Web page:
Graves’ orbitopathy (GO) is uncommon, but responsible for considerable morbidity. A coordinated approach between healthcare professionals is required in order to meet the needs of patients. Early diagnosis can be achieved by a simple clinical assessment. Low-cost effective interventions can be initiated by generalists, which may improve outcomes. Moderate-to-severe GO should be referred to specialised centres. Recommendations for clinical diag...

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792: Role of TSIG in Maternal Graves’ Disease for Prediction of Neonatal Thyroid Dysfunction

American Journal of Obstetrics & Gynecology

Objective: To determine the impact of maternal and fetal thyroid-stimulating immunoglobulin (TSIG) as predictors of neonatal thyroid dysfunction in pregnancies complicated by Graves’ disease. Study Design: This prospective cohort study was conducted at The University of Iowa Hospital and Clinics. We analyzed all women with a history of Graves’ disease with confirmed elevated TSIG at the...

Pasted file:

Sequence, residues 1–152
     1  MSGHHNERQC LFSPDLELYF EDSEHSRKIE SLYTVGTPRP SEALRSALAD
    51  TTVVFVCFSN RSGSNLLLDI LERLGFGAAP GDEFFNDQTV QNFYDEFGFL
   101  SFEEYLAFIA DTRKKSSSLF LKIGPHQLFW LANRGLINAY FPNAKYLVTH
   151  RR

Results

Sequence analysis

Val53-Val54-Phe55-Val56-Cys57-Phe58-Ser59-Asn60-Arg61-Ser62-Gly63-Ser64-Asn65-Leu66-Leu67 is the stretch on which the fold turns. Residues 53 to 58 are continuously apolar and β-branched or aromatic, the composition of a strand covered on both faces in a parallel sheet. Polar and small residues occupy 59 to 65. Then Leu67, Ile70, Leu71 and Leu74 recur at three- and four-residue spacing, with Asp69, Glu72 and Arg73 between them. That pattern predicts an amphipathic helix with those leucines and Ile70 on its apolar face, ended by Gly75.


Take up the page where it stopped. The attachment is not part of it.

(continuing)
Avoiding Grave Cardiac Outcomes in an Athlete with Grave’s Disease

American College of Sports Medicine

History: A 20-yr male college football player presented to the athletic training room with 15 pounds of unexplained weight loss over a two-week period. He reported decreased appetite, increased general fatigue and muscle fatigue over the past two weeks. His review of systems was otherwise negative. He had no chronic medical problems or current medications. His family history was significant for asthma, hypertension, and...

Cardiovascular Risk Factors and Graves’ Disease

Endocrine Society

Introduction: The cardiovascular system function is modulated by thyroid hormone levels. The antibodies involved in Graves’ disease are central to the pathophysiological consequences of the disease but the impact of their evolution over time is still an area of interest. Aim: To evaluate the relationship between thyroid function, autoimmunity, insulin resistance and cardiovascular risk...

Changing Trend in Diagnostic Methods for Graves’ Disease: Is an Immunological Diagnosis Preferred?